3. By providing a localized experience for your client, you will be enhancing their customer experience, yet another edge is given to you over your competition.
  4. One of the most effective ways to localize your business plan is to hire from within the community you’re hoping to infiltrate. This provides you with an expert on the market while stimulating job growth in that area at the same time.
  5. Local managers can then provide your clients with a faster response time than a standardized model would. You have people in the trenches so to speak, where your competition may have to make some phone calls, wait for a callback and lose time and potentially a sale. With local workers who can provide immediate feedback, you can give your clients a totally at home feel for their interaction with your brand.
  6. Local managers and workers are also most familiar with your new clientele’s habits, and will better understand when they will be most receptive. You can plan promotions, sales and special events around this unique knowledge that you wouldn’t have access to with a standardized approach.

Reaching the Local Community

Supporting small business is becoming a huge movement across America. Small Business Saturday and Shop Local are just two huge campaigns pushing people to spend their money locally rather than with a corporation that holds market share. The mentality behind it is that a small business is personal, human. At their core, people want that human touch and interaction. So, the more you can provide that, the better. Whether it’s through local advertising, opening a local branch, operating according to their local time zone, or even sponsoring local events, making your presence felt among the local community can prove to be a priceless investment.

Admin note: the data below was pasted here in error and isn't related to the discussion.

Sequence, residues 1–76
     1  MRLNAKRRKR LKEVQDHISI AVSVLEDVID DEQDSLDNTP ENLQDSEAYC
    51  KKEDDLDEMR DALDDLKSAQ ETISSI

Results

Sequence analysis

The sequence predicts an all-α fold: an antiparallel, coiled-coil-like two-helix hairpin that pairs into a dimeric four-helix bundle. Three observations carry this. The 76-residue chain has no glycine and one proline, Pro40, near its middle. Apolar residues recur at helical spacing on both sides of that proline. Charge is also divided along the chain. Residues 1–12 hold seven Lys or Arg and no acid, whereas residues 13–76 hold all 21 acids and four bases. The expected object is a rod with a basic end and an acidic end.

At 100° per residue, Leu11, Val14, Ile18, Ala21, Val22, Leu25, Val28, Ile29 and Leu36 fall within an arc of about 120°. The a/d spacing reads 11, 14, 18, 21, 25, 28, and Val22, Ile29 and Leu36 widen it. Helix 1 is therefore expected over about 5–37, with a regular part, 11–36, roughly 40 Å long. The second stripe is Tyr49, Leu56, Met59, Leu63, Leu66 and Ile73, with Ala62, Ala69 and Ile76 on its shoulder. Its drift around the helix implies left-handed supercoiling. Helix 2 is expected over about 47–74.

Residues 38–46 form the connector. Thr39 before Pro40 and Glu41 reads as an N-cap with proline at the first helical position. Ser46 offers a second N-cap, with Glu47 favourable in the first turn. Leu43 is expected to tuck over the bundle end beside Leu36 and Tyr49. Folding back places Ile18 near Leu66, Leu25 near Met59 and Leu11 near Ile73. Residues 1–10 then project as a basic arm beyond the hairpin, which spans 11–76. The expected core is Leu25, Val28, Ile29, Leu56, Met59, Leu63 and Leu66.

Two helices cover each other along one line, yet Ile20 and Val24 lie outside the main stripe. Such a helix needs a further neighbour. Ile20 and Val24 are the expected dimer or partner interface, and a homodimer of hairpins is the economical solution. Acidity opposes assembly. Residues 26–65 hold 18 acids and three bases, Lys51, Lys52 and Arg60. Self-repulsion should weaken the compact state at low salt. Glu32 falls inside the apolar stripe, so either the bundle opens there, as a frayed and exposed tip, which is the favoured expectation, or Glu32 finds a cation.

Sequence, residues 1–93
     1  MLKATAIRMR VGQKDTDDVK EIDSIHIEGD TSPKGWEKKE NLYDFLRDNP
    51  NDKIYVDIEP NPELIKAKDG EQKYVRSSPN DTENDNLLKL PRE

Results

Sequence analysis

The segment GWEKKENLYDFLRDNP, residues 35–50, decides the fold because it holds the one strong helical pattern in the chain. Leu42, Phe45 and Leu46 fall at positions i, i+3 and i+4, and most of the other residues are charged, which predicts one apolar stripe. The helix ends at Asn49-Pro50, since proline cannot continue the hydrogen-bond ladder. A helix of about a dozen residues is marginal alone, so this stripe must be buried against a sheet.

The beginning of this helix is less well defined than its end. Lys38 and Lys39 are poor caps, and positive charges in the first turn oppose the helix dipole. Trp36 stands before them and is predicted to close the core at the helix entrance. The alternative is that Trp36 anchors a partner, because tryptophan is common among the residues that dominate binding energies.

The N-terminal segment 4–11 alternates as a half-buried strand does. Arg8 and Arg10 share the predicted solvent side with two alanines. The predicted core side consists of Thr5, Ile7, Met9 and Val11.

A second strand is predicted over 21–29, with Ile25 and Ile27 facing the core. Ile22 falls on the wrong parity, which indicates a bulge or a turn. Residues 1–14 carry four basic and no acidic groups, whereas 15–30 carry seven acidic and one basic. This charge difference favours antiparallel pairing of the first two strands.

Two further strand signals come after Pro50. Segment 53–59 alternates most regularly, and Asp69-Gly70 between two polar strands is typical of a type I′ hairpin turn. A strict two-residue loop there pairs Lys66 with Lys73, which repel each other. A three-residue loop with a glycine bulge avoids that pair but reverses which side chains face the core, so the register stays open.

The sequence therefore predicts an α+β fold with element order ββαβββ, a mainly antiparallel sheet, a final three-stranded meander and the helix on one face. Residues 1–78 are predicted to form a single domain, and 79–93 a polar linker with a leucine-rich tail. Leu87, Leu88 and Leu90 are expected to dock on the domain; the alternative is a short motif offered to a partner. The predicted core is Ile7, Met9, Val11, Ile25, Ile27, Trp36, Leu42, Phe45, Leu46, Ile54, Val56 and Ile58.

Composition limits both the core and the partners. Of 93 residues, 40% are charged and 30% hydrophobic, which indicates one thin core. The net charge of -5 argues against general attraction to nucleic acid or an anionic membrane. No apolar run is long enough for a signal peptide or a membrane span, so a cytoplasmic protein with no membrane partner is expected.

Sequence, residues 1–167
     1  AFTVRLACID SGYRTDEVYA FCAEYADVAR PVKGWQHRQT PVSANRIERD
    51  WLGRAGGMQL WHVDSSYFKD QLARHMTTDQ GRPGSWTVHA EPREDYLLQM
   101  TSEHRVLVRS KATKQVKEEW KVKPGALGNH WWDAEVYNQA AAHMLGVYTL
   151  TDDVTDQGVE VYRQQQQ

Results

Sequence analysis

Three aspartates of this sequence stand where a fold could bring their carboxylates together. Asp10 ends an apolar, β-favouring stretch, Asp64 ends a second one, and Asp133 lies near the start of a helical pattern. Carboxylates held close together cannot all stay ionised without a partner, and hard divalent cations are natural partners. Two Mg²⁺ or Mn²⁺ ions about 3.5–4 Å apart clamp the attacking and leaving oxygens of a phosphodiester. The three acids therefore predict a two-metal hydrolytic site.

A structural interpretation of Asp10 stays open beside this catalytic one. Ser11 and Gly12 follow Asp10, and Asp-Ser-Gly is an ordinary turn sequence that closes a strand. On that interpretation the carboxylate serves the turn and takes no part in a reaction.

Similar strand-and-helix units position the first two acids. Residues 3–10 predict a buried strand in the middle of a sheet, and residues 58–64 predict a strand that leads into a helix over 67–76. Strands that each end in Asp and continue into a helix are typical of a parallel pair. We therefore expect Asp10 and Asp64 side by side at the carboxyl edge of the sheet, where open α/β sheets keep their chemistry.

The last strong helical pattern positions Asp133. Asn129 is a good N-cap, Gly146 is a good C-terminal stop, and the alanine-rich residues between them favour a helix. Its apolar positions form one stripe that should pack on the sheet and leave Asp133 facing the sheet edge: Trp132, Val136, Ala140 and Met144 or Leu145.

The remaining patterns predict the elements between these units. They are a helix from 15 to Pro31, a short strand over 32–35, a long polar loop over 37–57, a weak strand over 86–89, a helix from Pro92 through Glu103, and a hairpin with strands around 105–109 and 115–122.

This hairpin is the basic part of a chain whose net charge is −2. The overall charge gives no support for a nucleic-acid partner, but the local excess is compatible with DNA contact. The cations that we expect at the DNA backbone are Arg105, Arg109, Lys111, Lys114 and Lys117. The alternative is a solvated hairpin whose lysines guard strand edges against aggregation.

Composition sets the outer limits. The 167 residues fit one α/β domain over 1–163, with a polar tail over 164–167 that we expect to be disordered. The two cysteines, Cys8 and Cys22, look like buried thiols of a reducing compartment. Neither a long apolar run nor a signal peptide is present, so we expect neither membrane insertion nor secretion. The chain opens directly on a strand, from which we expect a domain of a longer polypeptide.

Another idea to help increase your local visibility is to become involved with the local chamber of commerce. In addition to networking, the chamber of commerce is another resource for you to learn about growth in your new community, and familiarize yourself with local policies and trends.

Never stop learning

As with any successful business venture, localization requires a huge amount of research, and constant adaptation in order to ensure success. You can not get comfortable once you’ve moved into your new market. Stagnation means the death of your business.

So, you have to constantly stay on top of:

  1. Local trends
  2. Competition
  3. Localized demand for your product/services
  4. If there is no demand or demand receded, can the demand be created? If so, how?
  5. What is the local expectation? (For example, if you’re a gas station owner, are self-service pumps the norm, or will you need to hire attendants?)

Most of these concepts of adaptation apply to your familiar market and are just as important when you’re infiltrating a new market. One thing is for sure, if you fail to adapt, your competition will be there to fill the gaps you’ve left behind. So be sure to target your audience and localize your business to reach the new local community on a very personal level.